You know when a kill doesn't feel right in a shooter. It's a lack of connection, a detachment of cause and effect. The click of your mouse doesn't quite sync up with the death rattle of your enemy, and it nags at you as you turn the corner and, despite the slight fracture in your sense of involvement, press on regardless.
The moment Marty Stratton knew his team got the kills in the new Doom right was when he watched players reacting with a chuckle and an "Oh my God!" "Because when you're fighting and that happens they've recognised they've done a killing blow," he tells me.
Bad guys dying in a hail of pretend bullets is an art, a spectacle that tugs at the very nature of videogames. Non-believers might just see a burst of gore that serves to confirm the puerility of videogames. But we see beauty. Craft. A sudden bridge between us and the unfathomably quick electric pulses going on in the PC beside us. It's a splash of reward. You did something right! A wash of dopamine hits your brain and you want to do it again.
From the gruesome cartoon trepanning of Turok's cerebral bore to the detachable limbs of Soldier of Fortune, deaths have always been used to set the tone of the game they appear in. "Fundamentally, in Doom the most important thing is the feeling of power that the player has," says Stratton.
"We're not really shooting a gun, so how do you do that? You do it with sound, animation, those are the things where you feel you're a badass," adds lead level designer Jerry Keehan. "The feedback is why we put so much into the animation and it's where people feel the most fun, because you're getting the reaction from what you're doing."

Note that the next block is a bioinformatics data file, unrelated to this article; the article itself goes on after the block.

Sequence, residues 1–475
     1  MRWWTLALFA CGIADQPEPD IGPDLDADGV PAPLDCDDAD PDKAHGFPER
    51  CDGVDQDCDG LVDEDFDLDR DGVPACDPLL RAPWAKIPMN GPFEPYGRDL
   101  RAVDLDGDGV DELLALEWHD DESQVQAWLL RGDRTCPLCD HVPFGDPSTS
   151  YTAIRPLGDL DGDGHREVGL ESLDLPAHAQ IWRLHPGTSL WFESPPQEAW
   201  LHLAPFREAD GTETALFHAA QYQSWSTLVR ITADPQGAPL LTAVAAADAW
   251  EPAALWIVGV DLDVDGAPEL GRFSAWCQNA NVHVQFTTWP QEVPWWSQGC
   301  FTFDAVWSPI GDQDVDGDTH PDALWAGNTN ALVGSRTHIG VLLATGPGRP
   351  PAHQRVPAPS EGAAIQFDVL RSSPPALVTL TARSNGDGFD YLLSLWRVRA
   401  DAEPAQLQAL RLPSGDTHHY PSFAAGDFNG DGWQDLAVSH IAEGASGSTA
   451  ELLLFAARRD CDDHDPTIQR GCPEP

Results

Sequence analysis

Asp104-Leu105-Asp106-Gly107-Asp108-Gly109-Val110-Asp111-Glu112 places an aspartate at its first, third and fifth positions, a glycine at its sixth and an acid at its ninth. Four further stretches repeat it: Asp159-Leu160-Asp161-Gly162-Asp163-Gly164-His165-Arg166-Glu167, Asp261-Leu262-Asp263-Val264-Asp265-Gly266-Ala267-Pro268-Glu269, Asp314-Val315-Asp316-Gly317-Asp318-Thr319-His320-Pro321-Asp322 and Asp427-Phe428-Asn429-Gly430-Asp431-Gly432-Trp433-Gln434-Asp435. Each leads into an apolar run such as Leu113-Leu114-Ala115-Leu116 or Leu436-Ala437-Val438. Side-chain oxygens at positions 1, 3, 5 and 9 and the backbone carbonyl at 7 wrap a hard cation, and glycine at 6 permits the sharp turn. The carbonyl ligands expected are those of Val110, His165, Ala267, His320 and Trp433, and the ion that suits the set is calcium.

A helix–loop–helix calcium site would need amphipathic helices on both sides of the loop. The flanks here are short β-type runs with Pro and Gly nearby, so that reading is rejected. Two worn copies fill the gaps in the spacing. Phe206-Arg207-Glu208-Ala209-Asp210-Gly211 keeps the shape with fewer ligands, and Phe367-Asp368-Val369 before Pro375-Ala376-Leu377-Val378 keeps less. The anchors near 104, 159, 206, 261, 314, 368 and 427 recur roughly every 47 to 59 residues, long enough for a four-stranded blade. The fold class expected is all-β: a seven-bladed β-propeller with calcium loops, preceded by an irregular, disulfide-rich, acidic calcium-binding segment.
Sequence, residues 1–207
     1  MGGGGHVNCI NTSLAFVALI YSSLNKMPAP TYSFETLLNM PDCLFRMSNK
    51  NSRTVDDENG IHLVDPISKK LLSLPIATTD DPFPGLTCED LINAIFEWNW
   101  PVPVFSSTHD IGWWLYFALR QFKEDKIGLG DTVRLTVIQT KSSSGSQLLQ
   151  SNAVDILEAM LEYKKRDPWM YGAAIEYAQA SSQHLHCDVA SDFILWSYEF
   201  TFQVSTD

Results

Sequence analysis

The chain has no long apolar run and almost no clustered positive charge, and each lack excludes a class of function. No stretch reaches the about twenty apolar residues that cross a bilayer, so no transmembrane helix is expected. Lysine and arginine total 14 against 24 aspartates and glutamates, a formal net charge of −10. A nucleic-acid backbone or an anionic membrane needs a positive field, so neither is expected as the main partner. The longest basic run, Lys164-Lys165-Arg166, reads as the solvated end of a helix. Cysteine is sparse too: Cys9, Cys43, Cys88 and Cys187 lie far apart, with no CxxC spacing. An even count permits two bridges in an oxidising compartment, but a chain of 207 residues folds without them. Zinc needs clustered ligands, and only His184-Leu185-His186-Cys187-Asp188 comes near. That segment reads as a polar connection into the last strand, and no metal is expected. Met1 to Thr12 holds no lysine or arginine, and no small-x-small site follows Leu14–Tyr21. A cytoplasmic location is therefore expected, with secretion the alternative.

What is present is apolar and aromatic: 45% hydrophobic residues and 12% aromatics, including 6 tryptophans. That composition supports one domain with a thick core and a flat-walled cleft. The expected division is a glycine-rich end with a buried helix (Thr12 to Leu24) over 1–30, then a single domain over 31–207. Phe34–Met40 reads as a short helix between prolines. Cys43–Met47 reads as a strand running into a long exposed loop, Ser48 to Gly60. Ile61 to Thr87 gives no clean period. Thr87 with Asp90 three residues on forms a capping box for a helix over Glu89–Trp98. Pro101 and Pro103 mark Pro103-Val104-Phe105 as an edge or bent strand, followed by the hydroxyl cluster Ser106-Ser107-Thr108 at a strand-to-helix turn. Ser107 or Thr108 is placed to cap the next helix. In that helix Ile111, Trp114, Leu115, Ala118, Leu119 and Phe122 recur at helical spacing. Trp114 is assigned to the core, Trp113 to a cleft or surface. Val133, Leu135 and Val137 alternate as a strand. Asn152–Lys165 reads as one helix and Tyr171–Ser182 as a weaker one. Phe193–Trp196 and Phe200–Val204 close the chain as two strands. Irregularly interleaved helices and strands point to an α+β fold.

In the case of Killing Floor 2, it's about how you're shredding Zeds—enemies which can sometimes absorb a lot of damage. "Whenever you kill a Zed it's just a mountain of feedback for the player, almost at the level of Peggle, but with gore," says game director David Hensley. "Bill [Munk], our creative director, says that when you kill a monster it's kind of your treat, so you make it as big a spectacle as you can make it; it's candy for the player for succeeding. Graphics, animation, sound, effects, it's a cocktail of gameplay, things feeling real, and really satisfying feedback. What you put into the game is spit back out at you as blood."